Just yesterday, Nora Ephron entered my mind. I’d been re-directed to an article at the New York Times about the growing trend of men and women being “just friends,” when the Ephron-penned film When Harry Met Sally came into the discussion.
I was instantly reminded of how forward-thinking that movie was at the time. How, even to this day studios try
to claim their newest rom-com pictures as the “next” When Harry Met Sally, what with the fake orgasm scene, and all. And who didn’t love Harry’s (Billy Crystal) cynical outlook on friendship between members of the opposite sex?
“What I’m saying is — and this is not a come-on in any way, shape or form — is that men and women can’t be friends because the sex part always gets in the way.”
In 1989, when the movie came out, Ephron taught me that it’s ok to have opinions, to be a strong character and to speak my mind.
A few months ago I was introduced to one of Ephron’s essay, I Feel Bad About My Neck, where she contemplates her age, physical image and the “work” that is expected of many women as we get older.
“It’s sort of funny and it’s sort of sad, because we’re not neurotic about age—none of us lies about how old she is, for instance, and none of us dresses in a way that’s inappropriate for our years. We all look good for our age. Except for our necks.”
The funny part about this essay is that I had a similar conversation with a girlfriend of mine not long before I read this. We age. That’s a fact, and there’s nothing we can do about it, but through this essay Ephron taught me that it’s ok to realize your flaws and to get frustrated when people tell you how to feel or what to do with your body as you get older. It’s part of what makes us human.
Last December, I found myself walking through the DVD section in my local Barnes & Noble where I saw a lone Sleepless in Seattle sitting on the shelf. I’d suddenly flashed back to my first apartment, watching the movie over and over, listening to the soundtrack that reminded me of the movie, all of which made me feel, somehow, comfortable in my newfound quiet and aloneness.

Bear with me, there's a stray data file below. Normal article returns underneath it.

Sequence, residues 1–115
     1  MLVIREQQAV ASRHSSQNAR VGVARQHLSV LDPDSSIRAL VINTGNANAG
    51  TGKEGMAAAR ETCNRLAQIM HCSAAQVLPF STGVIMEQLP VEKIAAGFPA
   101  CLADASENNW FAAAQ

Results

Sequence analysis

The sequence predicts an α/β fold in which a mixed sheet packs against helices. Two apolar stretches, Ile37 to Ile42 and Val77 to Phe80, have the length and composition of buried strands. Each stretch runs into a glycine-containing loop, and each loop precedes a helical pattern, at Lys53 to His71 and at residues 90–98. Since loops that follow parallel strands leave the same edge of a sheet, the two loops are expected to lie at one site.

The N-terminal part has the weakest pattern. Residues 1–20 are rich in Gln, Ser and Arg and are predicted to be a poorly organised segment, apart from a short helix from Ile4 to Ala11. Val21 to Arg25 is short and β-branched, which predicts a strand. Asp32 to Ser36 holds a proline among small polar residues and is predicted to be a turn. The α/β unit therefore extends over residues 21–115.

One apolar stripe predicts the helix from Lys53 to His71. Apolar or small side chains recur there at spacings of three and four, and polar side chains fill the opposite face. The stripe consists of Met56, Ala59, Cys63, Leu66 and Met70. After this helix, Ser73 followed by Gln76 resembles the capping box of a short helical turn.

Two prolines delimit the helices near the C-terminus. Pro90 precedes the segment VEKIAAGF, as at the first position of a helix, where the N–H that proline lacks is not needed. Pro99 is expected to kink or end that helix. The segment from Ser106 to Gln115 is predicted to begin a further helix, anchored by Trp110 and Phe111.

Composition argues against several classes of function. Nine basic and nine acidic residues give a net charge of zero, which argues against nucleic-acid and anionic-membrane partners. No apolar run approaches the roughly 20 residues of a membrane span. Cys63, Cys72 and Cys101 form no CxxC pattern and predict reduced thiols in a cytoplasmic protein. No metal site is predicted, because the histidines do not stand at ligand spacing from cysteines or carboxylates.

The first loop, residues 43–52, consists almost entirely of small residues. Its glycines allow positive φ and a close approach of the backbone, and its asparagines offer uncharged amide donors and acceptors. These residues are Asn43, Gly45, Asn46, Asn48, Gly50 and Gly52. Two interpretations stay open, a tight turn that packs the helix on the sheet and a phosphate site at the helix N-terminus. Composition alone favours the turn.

“I don’t even know him…I’m harvesting all these fantasies about some man I’ve never even met…who lives in Seattle.”
In those days, watching Sleepless in Seattle, Ephron taught me that it was ok to hope for a beautiful, magical life, to hold out for that man who would make me feel like I was “coming home,” and to be happy when walking away from the ones that weren’t quite right for me.
And, of course, being a writer and a food lover, I’ve watched Julie & Julia at least 20 times in the past year, from which I learned that it’s ok to get a late start on a writing career, to re-invent and challenge yourself to live out your dreams in life even if it’s not what’s expected, and to do what you love to do because you love it, not because someone else loves it, or not.
These are just a few of the life lessons I’ve learned from Nora Ephron. My only regret is that I never had the opportunity to meet her. But, I’ll forever be thankful for the words she put on paper, the characters she brought to life and the path she paved for myself and others who dream of following in her footsteps.